Love the ridealongs. How about each time including suggested infrastructure improvements that would make the commute safe and inviting for the interested but concerned riders?

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  • Nate January 14, 2013 at 1:59 pm

    Thanks to both of you for shining the spotlight on the sorts of tradeoffs we make by choosing to go by bike. Think of the complaints the city gets when they ask drivers to detour from their “normal route” for just a few days for construction, etc. And yet, we hear all the time that we should just ‘bike on that route out of traffic’.

    I’m similar to Julie in that I am a “experienced” rider willing to take some less ideal routes for efficiency sake. Crossing I-84 N->S in the evening usually means launching from the sidewalk (when safe, of course) from the southeast corner of NE Everett onto NE Grand, taking the left-most lane over the freeway and then taking a left onto NE LLoyd until it turns into N Interstate. It’s an option that borders on terrible, but it keeps me rolling. (And the new bike signal at NE MLK/Lloyd is sweet too.)

    We take what we can get, and [hopefully] keep agitating/advocating for more and better options!

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  • Art Fuldodger January 15, 2013 at 9:25 am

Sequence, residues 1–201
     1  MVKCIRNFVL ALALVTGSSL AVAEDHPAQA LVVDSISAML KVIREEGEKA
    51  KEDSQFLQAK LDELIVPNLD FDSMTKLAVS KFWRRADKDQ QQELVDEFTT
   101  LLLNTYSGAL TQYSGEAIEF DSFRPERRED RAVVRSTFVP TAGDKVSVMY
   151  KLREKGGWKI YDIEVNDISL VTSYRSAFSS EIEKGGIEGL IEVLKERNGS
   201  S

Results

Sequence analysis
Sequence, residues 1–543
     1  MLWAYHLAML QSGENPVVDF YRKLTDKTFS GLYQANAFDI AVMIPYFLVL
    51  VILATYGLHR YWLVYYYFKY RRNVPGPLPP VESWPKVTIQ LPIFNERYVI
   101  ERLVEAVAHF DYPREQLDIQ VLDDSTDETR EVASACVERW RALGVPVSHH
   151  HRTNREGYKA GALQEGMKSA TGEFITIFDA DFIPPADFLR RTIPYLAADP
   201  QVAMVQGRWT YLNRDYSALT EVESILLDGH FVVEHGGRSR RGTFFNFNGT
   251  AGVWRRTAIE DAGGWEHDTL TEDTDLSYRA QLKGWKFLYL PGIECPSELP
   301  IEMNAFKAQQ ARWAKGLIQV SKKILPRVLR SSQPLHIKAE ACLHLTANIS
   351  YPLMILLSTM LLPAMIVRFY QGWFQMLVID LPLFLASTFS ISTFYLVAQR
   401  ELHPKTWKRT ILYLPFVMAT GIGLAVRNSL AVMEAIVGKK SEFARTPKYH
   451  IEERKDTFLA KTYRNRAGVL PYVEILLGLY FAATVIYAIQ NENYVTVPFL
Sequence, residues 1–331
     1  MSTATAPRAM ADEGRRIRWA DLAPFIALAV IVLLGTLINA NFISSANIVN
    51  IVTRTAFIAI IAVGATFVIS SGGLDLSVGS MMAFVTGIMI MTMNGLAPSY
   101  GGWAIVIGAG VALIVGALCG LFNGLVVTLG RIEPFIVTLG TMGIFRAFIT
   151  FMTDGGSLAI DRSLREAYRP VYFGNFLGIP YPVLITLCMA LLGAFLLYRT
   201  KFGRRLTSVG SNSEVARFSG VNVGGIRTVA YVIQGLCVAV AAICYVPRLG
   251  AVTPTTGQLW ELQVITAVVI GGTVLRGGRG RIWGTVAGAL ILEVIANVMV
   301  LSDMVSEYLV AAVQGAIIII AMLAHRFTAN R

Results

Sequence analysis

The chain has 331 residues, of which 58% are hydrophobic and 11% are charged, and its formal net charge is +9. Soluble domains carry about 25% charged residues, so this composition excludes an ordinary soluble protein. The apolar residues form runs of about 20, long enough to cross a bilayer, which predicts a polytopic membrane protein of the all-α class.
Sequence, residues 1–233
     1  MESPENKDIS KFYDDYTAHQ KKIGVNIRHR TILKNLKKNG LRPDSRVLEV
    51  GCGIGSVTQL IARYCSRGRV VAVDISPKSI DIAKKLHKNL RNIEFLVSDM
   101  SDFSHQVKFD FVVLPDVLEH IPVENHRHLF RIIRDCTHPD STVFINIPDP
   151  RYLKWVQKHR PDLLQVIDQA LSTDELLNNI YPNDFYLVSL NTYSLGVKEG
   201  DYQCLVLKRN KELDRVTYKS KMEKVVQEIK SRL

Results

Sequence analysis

Good bit, Jonathan, seeing the route it through Julie’s eyes, and her commentary on it – looking forward to more of these.

    However:
    “As you can tell by her bike and attire, she’s an experienced rider”

    I’m sure Julie is, but : really? Pretty sure you don’t need credentials to buy the full kit. Hence the abundance of spandex-clad tyros oft noted by BP commenters.

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  • Joe January 15, 2013 at 12:30 pm

    very cool seeing ppls ride routes and how they get around when ” bike lanes ” missing and such, I do some very URBAN miles getting out to the west side from Portland, bet it would blow ppls minds. * not bragging * just saying very little bike infra and once you get to the burbs, be careful cars drive fast and yell/honk for you to get out of the road.

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  • Rol January 15, 2013 at 1:55 pm

    I disagree that you can tell from someone’s bike and attire how experienced they are. All you can tell is what type of bike and attire they prefer (if they’re experienced) or what type of bike and attire was marketed to them (if they’re noobs).

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  • jeremy January 15, 2013 at 3:01 pm

    I pass Julie all the time on the way to work. Awesome!

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  • Joe January 15, 2013 at 8:18 pm

    called ride share jeremy :)